Q: My breath is often less than fresh, sometimes just a short while after brushing my teeth. What could be the cause and what can I do about it? I’m self-conscious about how bad my breath is.
A: You may feel embarrassed, but it may be helpful to remember that all of us have bad breath from time to time. The underlying reasons, however, can vary from person to person.
Though you may diligently brush twice a day (or more), bacteria can still build up in your mouth and between your teeth, which can cause an undesirable odor. Try not to skip flossing and gently brushing or scraping your tongue, which can get rid of what remains; a swish of mouthwash can help, too.
Of course, you’re probably already aware that eating certain foods—raw onions, garlic, curries—have a tendency to linger. But not drinking enough water can also play into bad breath, too. Munch on crunchy fruits and vegetables, which can actually help keep your mouth clean and fresh, and stay well hydrated by drinking plenty of water throughout the day. Chewing sugarless gum may also help because it increases your own natural saliva production, one of your body’s best defenses against bad breath.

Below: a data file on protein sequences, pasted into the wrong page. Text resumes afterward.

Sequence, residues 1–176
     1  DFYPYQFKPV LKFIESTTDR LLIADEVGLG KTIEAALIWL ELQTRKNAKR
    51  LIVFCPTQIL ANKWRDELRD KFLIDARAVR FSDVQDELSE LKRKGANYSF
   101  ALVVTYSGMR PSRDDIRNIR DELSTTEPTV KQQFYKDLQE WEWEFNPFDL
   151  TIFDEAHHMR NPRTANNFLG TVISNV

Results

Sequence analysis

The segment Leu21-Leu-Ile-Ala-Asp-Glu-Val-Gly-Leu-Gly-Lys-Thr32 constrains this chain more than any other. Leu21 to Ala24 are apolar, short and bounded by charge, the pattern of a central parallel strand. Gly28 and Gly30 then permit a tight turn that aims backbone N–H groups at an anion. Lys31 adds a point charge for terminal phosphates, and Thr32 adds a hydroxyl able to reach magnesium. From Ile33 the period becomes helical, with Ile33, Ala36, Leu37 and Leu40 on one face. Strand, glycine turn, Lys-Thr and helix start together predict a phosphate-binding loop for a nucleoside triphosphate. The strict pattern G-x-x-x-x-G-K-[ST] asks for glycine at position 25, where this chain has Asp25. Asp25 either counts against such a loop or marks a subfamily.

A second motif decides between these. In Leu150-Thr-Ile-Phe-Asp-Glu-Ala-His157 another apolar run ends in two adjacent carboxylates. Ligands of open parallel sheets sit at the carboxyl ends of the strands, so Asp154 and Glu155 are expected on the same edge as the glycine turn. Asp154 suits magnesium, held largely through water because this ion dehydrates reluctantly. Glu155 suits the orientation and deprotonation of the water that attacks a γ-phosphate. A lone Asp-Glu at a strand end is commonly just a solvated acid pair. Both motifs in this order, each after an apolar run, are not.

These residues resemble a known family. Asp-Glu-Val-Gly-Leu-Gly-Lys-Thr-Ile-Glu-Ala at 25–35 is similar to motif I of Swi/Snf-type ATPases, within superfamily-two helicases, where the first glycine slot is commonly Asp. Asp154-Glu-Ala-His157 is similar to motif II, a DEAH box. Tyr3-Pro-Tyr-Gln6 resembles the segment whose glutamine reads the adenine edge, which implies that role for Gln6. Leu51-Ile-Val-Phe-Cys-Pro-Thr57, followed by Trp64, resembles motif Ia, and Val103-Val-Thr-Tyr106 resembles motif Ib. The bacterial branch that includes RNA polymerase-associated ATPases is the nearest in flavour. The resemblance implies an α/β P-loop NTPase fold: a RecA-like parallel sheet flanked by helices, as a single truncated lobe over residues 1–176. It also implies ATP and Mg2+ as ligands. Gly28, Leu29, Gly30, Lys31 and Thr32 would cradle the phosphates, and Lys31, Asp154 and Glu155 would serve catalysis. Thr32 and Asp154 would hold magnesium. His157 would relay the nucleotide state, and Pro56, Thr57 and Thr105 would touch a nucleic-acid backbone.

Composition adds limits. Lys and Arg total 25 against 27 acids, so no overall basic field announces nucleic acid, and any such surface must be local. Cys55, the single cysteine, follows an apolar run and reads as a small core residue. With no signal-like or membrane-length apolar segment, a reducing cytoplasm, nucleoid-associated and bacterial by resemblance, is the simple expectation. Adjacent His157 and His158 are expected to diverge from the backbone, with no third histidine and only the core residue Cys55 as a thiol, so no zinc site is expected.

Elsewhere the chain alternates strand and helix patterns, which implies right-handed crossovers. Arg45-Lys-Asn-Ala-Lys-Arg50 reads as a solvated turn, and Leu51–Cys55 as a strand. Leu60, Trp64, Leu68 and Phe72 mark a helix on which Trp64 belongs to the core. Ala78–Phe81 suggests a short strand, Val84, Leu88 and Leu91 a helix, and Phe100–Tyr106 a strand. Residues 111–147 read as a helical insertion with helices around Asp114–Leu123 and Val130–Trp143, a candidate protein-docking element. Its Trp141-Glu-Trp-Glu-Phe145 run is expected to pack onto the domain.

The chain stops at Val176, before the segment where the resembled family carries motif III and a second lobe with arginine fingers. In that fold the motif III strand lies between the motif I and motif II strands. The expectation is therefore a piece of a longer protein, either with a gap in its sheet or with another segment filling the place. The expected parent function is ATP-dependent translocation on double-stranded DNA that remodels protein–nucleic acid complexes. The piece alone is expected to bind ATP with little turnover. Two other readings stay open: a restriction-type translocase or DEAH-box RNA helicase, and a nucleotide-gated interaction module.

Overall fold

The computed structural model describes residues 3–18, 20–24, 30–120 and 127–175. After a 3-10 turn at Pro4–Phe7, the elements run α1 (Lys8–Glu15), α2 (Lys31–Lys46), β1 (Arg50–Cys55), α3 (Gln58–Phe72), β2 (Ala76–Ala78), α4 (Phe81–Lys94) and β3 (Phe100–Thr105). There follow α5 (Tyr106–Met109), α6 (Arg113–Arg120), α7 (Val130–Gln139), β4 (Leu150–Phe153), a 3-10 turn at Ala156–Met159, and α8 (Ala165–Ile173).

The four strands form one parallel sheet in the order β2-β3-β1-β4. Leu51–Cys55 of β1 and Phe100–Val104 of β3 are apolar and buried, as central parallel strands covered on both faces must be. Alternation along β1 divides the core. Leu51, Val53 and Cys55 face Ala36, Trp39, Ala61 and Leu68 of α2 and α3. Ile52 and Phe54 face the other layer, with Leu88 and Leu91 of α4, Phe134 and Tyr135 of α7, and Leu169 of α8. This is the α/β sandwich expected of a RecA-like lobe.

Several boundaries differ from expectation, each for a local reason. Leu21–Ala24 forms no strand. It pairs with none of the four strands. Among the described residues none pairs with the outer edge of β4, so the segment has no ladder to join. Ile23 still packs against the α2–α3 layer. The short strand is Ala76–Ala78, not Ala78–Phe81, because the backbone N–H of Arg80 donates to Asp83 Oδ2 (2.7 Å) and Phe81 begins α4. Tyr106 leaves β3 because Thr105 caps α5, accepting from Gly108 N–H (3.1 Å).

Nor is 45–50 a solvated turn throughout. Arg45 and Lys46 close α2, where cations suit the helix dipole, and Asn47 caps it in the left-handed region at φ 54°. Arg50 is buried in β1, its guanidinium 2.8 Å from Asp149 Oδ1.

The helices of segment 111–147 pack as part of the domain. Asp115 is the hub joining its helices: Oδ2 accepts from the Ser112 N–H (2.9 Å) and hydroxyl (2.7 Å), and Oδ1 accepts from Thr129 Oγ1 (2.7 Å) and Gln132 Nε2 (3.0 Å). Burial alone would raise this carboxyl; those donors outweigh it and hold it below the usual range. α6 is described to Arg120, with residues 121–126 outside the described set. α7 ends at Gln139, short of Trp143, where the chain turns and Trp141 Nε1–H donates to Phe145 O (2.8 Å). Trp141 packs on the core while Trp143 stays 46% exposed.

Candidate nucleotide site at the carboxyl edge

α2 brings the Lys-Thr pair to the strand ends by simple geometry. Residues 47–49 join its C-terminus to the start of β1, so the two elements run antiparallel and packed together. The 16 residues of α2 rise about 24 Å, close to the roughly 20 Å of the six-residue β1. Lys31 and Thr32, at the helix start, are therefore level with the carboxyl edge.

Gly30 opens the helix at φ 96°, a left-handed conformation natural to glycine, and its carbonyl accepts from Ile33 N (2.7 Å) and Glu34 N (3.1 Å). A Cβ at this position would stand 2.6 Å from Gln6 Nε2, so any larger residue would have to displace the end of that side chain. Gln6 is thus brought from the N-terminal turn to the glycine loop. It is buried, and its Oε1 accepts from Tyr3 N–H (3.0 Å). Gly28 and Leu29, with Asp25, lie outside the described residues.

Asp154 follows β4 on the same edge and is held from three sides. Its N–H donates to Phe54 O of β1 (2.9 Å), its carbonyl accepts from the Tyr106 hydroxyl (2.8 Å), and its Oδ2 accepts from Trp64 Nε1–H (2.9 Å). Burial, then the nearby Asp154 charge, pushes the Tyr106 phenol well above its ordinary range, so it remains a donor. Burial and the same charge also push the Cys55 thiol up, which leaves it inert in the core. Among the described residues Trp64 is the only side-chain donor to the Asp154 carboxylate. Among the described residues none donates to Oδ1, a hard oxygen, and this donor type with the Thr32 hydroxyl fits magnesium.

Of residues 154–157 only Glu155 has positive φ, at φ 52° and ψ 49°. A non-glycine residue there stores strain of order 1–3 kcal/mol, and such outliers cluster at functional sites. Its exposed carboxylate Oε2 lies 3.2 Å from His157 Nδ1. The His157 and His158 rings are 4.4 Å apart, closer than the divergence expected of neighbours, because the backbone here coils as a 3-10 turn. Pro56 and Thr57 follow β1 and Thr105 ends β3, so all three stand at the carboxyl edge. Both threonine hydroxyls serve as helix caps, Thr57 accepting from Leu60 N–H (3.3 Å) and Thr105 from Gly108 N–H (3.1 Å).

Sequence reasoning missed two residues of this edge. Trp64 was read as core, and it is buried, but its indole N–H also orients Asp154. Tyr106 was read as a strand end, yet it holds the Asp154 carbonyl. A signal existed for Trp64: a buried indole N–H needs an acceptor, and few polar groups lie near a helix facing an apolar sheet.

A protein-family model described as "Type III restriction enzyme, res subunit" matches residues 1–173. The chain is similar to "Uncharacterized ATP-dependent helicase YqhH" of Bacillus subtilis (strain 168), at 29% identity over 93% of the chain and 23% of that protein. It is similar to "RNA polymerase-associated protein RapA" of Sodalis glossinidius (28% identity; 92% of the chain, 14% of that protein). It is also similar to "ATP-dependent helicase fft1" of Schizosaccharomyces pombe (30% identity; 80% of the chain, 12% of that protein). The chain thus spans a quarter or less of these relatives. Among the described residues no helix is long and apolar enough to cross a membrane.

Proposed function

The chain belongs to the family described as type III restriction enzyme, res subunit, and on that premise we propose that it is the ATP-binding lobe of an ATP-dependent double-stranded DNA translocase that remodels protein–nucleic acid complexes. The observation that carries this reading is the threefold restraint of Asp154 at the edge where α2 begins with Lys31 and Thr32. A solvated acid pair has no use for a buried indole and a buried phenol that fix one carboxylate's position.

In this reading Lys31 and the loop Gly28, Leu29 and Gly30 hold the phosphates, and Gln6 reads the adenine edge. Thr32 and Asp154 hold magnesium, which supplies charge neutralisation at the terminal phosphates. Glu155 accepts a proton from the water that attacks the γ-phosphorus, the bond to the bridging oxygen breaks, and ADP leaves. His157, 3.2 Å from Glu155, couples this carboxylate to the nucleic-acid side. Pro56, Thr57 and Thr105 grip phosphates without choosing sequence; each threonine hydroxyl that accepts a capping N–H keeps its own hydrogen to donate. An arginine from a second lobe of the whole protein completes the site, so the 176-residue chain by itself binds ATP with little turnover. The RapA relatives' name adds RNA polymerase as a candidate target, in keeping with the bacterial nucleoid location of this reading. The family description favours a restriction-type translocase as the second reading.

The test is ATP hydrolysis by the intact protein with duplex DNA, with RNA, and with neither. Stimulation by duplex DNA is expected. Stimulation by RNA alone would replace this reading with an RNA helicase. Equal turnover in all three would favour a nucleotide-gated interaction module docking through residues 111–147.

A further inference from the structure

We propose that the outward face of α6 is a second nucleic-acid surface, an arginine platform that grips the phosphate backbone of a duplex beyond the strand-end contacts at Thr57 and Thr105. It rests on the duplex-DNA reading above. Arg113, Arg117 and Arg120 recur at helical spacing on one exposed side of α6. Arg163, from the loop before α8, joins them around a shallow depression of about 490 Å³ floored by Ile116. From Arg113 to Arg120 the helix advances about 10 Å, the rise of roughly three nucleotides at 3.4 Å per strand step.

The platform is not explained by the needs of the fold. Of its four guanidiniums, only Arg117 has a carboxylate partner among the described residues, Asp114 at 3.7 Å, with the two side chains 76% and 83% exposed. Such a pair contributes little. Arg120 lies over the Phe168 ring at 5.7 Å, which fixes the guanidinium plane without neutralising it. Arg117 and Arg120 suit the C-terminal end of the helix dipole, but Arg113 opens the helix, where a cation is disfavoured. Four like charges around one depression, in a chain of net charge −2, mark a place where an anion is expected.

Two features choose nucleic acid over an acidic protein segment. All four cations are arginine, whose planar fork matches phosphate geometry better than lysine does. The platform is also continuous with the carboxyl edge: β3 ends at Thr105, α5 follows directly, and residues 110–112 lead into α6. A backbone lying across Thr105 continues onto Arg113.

Finally, smoking inevitably affects your breath. So if you do smoke, that’s one more reason to quit.
If you’ve tried these suggestions without success, it may be time for a visit to your dentist, who should check for gum disease, an abscessed tooth and cavities. He or she may also recommend seeing your doctor, particularly if the smell is potent, worsening or accompanied by other symptoms. Though rarer, bad breath can sometimes point to sinusitis, a throat infection or more serious concerns, like diabetes, kidney failure or esophageal cancer.
More: Your Mouth, Your Health